The title of this film may lead viewers to believe that the plot involves a complex story involving a figure of royalty. It does not. The Duke of Burgundy is in reality a species of butterfly (bearing the Latin name Hamearis Lucina) found in the U.K. Seen during the springtime, the female is particularly elusive, preferring to fly close to the ground and look for adequate locations to lay their eggs. The Duke of Burgundy is also an endangered species, its numbers in rapid decline particularly in the last few decades.
When one understands the truth about the title, the plot becomes a revelation. There are no men in the film, only women that appear to be dedicated lepidopterists, living in an ambiguous time period since the film provides no historic references, no vehicles are seen or specific artifacts with the exception of a typewriter, which may well be part of a very structured setting. The beginning of the film is remnant of 1970’s British cinema, with the credits at the beginning and an emphasis on landscape cinematography. The interior of the massive English country house where the two protagonists live is dark and filled with shadows, only occasionally the sun pushing its way past the heavy curtains.
Two women, Cynthia and Evelyn are involved in a peculiar sadomasochist relationship. But everything is not as it seems, the film’s initial scene fooling the audience into thinking that they are seeing Evelyn, a helpless country maid abused by Cynthia, a cruel, dominating, hair-in-chignon woman who forces the younger woman to perform humiliating chores and in fact seems to hurt Evelyn physically. Soon enough, it is evidenced that this is a role playing game, with Cynthia as the cruel dominatrix and Evelyn, the feeble and helpless submissive, but the lines become blurred as to dominates who. It is Evelyn who buys the leather corsets and boots that Cynthia wears and reportedly, does not like. Evelyn enjoys being humiliated, but Cynthia becomes more and more resistant to perform acts of humiliation, expressing instead her preference for a more “normal” relationship. It is Evelyn too, that dictates to Cynthia how she is to be locked in a trunk, tied up, used as a human toilet, or methodically tortured. Cynthia even has cards to read from to remember her dialogue correctly. Evelyn uses a safe word, “Pinastri”, a subcategory for insects, including flies and moths, to let Cynthia know when she wants to be released or let out. When Evelyn betrays Cynthia by submitting to polish another woman’s boots (a task that is part of their role-play), Cynthia at last willingly assumes the role of the Master and punishes Evelyn by not giving her what she desires the most: cruelty. This does not last, and things seem to fall into an ambiguous limbo. As the butterfly bearing its name, Cynthia and Evelyn’s relationship soars during the spring and comes into a standstill as winter approaches, preparing itself perhaps for a sort of hibernation. What is clear is that Evelyn manipulates Cynthia into doing what she wants, when she wants it, in real life time leaving no doubt as to who is really in command. As the scenes in the film seem to play out their game over and over, the audience is left to wonder weather the relationship will survive the trials of psychological exhaustion and frustrating expectations. A film heavily drenched in erotica, “The Duke of Burgundy” feels like walking in a dream ,a magnificent tale of love, desire, and pain.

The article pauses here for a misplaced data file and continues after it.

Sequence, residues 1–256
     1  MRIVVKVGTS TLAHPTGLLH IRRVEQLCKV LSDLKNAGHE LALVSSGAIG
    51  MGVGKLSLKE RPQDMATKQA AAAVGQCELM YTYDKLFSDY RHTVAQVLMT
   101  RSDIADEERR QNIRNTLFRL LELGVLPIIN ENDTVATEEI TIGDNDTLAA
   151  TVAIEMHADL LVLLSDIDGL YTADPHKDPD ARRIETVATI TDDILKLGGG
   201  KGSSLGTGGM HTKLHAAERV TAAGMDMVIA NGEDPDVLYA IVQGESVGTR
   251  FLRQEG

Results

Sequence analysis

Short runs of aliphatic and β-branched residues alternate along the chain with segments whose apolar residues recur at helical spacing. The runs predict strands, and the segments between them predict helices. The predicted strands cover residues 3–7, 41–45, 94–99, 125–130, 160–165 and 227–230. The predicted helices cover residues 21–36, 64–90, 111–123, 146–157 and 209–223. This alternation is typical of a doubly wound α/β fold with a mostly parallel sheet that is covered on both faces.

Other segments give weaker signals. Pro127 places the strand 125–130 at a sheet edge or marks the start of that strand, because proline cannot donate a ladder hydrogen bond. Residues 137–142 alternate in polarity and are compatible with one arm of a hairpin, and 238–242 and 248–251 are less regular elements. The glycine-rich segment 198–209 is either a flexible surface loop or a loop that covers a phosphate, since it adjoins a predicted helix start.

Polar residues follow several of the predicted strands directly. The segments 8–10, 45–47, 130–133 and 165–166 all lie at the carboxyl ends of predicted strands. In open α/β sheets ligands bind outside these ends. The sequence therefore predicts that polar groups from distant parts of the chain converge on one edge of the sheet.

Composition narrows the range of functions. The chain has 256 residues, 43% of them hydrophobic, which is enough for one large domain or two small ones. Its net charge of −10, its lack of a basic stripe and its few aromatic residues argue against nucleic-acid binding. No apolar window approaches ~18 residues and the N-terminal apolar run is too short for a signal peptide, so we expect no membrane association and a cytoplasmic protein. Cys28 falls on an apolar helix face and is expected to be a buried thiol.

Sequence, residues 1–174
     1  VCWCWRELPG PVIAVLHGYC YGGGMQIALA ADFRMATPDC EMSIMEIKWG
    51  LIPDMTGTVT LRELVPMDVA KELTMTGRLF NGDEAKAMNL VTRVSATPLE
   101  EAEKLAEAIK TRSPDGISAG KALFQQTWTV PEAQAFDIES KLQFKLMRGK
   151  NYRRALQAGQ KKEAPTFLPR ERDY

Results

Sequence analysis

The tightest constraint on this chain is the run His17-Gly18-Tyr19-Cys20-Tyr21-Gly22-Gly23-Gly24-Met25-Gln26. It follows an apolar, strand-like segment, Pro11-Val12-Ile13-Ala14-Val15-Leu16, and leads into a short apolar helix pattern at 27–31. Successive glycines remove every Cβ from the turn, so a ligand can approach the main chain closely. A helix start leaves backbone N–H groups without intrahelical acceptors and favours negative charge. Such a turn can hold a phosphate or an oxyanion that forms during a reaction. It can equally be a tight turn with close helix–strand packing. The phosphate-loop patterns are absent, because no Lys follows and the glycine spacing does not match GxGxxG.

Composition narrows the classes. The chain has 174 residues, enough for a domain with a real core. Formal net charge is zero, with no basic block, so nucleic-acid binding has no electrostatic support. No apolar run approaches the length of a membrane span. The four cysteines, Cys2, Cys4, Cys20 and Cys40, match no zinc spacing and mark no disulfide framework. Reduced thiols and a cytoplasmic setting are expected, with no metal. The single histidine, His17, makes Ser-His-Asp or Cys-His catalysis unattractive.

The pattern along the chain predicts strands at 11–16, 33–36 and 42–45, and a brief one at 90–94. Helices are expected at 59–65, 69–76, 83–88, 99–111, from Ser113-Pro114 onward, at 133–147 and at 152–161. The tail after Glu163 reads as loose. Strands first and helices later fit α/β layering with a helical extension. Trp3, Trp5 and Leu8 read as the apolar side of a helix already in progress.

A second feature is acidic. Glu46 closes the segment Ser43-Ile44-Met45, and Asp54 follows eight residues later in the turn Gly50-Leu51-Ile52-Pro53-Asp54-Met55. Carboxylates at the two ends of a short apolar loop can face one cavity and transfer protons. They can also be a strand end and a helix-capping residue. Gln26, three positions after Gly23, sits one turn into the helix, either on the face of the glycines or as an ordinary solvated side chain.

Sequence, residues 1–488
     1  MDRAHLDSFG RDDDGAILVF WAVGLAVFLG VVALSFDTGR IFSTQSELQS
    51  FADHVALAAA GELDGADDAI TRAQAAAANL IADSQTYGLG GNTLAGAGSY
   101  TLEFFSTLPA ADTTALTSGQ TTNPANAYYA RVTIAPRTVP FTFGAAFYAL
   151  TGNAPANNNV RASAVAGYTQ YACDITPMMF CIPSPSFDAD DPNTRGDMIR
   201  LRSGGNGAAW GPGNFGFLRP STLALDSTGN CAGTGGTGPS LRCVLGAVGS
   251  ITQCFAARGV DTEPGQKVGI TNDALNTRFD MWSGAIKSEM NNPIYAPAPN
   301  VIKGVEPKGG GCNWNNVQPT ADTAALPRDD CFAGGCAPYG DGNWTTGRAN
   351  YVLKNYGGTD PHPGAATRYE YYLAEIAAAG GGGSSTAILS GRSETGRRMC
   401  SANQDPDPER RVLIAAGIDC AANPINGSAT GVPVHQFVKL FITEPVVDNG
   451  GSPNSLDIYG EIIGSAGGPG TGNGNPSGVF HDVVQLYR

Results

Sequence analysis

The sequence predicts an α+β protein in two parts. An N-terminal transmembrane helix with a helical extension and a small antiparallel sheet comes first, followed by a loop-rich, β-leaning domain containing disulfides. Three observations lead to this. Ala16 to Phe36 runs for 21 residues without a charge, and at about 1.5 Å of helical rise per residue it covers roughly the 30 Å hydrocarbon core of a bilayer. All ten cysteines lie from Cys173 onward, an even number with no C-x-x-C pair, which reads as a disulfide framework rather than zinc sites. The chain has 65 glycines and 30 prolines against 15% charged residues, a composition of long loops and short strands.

“The Duke of Burgundy” was screened at The Toronto International Film Festival, The London Film Festival and The Rotterdam Film Festival, and won The Jury Prize at the 2014 Philadelphia Film Festival.